WASHINGTON – In 2002, as evidence of prisoner mistreatment at Guantánamo Bay began to mount, Federal Bureau of Investigation agents at the base created a “war crimes file” to document accusations against American military personnel, but were eventually ordered to close down the file, a Justice Department report revealed Tuesday.
The report, an exhaustive, 437-page review prepared by the Justice Department inspector general, provides the fullest account to date of internal dissent and confusion within the Bush administration over the use of harsh interrogation tactics by the military and the Central Intelligence Agency.
In one of several previously undisclosed episodes, the report found that American military interrogators appeared to have collaborated with visiting Chinese officials at Guantánamo Bay to disrupt the sleep of Chinese Muslims held there, waking them every 15 minutes the night before their interviews by the Chinese. In another incident, it said, a female interrogator reportedly bent back an inmate’s thumbs and squeezed his genitals as he grimaced in pain.
The report describes what one official called “trench warfare” between the F.B.I. and the military over the rough methods being used on detainees in Guantánamo Bay, Afghanistan and Iraq.
The report says that the F.B.I. agents took their concerns to higher-ups, but that their concerns often fell on deaf ears: officials at senior levels at the F.B.I., the Justice Department, the Defense Department and the National Security Council were all made aware of the F.B.I. agents’ complaints, but little appears to have been done as a result.
The report quotes passionate objections from F.B.I. officials who grew increasingly concerned about the reports of practices like intimidating inmates with snarling dogs, parading them in the nude before female soldiers, or “short-shackling” them to the floor for many hours in extreme heat or cold.
Such tactics, said one F.B.I. agent in an e-mail message to supervisors in November 2002, might violate American law banning torture.
More senior officials, including Spike Bowman, who was then the head of the national security law unit at the F.B.I., tried to sound the alarm as well.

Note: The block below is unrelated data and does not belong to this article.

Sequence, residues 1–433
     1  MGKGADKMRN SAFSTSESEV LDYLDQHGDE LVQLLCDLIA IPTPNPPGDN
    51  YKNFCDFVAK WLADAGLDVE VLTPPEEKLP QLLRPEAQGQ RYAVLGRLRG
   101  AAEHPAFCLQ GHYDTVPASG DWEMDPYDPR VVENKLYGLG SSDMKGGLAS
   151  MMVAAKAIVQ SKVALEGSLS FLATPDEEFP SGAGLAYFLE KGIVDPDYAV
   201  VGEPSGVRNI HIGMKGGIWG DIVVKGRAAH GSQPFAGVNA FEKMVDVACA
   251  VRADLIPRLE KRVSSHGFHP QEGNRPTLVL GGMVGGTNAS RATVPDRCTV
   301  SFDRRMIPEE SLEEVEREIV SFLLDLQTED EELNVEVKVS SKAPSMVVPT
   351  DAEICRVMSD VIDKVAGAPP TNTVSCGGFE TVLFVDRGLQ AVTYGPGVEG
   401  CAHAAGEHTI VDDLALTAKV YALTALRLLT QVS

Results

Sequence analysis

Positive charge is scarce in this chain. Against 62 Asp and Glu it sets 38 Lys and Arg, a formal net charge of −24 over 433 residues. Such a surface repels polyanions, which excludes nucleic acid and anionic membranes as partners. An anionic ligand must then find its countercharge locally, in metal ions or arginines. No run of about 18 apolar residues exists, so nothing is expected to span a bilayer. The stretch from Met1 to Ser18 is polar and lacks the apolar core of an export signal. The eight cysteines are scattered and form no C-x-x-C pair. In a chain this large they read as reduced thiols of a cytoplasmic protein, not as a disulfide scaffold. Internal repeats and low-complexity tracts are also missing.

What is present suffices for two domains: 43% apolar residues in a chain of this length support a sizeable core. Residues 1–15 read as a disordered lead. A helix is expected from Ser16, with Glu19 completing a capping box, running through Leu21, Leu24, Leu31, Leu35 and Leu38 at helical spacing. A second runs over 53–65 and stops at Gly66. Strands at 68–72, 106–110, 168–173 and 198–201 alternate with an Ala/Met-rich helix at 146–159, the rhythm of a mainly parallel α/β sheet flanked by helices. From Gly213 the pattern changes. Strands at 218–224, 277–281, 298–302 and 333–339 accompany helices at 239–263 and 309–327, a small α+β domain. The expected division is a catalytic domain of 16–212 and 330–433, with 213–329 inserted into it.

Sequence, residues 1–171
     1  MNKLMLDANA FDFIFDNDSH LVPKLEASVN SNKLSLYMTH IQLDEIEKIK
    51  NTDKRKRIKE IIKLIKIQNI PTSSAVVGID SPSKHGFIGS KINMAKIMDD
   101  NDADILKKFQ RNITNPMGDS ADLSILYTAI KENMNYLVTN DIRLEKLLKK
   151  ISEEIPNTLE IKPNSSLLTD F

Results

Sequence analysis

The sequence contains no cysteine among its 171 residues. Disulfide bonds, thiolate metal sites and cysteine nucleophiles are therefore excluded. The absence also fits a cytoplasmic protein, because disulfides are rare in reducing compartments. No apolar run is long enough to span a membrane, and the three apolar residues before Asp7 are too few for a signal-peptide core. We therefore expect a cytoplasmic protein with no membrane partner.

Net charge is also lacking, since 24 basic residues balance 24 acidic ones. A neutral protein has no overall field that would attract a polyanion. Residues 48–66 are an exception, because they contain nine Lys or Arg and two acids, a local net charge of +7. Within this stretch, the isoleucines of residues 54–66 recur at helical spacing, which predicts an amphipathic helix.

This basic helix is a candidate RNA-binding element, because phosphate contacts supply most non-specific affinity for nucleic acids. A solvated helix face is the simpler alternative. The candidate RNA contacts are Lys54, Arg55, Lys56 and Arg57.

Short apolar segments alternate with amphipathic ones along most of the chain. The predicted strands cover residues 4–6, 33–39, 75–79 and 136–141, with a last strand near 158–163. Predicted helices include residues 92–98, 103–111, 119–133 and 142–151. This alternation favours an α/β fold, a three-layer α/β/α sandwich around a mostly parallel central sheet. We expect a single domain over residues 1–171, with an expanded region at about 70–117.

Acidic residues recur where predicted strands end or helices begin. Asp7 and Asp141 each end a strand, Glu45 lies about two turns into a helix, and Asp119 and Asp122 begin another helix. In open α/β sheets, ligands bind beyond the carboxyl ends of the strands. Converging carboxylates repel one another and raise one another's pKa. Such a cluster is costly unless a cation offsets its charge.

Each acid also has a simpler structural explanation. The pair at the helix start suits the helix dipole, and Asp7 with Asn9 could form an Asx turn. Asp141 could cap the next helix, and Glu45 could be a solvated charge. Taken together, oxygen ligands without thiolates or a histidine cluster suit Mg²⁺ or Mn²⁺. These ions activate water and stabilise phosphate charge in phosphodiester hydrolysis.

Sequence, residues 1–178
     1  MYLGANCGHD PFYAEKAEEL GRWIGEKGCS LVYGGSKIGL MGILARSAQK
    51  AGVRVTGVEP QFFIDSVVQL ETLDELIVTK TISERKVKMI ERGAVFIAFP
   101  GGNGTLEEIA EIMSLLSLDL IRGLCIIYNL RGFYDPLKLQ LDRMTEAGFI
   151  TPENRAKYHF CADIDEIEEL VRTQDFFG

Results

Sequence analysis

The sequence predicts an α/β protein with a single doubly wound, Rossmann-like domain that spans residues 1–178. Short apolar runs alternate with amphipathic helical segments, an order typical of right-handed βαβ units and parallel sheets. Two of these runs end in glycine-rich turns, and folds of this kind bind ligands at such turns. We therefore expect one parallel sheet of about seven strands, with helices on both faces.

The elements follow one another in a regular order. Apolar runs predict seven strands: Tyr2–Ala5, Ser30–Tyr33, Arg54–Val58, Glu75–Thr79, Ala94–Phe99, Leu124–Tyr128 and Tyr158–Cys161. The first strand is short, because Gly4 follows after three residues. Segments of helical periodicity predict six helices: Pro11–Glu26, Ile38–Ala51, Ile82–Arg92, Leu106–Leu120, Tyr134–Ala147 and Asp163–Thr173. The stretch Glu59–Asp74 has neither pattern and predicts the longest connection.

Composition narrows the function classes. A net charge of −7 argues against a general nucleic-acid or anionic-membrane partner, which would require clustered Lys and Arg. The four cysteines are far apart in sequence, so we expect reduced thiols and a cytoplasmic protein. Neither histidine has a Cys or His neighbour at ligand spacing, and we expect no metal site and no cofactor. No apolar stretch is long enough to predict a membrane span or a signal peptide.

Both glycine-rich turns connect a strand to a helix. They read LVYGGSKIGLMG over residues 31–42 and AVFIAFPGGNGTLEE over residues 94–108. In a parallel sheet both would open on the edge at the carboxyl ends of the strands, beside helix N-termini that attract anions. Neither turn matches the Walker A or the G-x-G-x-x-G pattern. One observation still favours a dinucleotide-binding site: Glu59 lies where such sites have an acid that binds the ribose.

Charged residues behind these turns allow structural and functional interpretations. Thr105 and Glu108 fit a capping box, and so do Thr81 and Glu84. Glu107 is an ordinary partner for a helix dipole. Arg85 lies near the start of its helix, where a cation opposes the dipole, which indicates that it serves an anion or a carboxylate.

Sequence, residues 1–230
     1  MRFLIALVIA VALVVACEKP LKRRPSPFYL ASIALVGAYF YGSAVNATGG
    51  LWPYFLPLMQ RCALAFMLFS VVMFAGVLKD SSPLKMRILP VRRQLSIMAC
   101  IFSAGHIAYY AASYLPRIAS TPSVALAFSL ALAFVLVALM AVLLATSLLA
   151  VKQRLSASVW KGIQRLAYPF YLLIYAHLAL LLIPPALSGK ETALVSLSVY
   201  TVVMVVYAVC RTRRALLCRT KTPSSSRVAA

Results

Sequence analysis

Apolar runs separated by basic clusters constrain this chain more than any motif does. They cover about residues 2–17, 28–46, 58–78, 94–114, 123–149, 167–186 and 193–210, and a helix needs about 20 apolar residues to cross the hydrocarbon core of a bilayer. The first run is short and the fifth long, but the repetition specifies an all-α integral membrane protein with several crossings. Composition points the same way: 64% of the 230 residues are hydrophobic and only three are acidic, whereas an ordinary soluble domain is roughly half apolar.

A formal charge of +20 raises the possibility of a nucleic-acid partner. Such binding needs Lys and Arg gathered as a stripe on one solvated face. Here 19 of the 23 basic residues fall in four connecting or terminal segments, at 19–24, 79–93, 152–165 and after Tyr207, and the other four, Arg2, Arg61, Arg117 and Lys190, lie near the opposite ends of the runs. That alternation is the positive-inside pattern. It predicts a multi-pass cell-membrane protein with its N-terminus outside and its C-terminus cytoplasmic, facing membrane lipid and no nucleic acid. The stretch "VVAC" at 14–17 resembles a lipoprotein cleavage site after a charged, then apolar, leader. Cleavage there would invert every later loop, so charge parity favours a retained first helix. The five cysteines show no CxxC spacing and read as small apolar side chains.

“Beyond any doubt, what they are doing (and I don’t know the extent of it) would be unlawful were these enemy prisoners of war,” Mr. Bowman wrote in an e-mail message to top F.B.I. officials in July 2003.
Many of the abuses the report describes have previously been disclosed, but it was not known that F.B.I. agents had gone so far as to document accusations of abuse in a “war crimes file” at Guantánamo. The report does not say how many incidents were included in the file after it was started in 2002, but the “war crimes” label showed just how seriously F.B.I. agents took the accusations. Sometime in 2003, however, an F.B.I. official ordered the file closed because “investigating detainee allegations of abuse was not the F.B.I.’s mission,” the report said.
The inspector general, Glenn A. Fine, found that in a few instances, F.B.I. agents participated in interrogations using pressure tactics that would not have been permitted inside the United States. But the “vast majority” of agents followed F.B.I. legal guidelines and “separated themselves” from harsh treatment, the report says.
The report says that the F.B.I. “had not provided sufficient guidance to its agents on how to respond when confronted with military interrogators” who used interrogation techniques that were not permitted by the F.B.I., and that fueled confusion and dissension. But it also says that “the F.B.I. should be credited for its conduct and professionalism in detainee interrogations in the military zones.”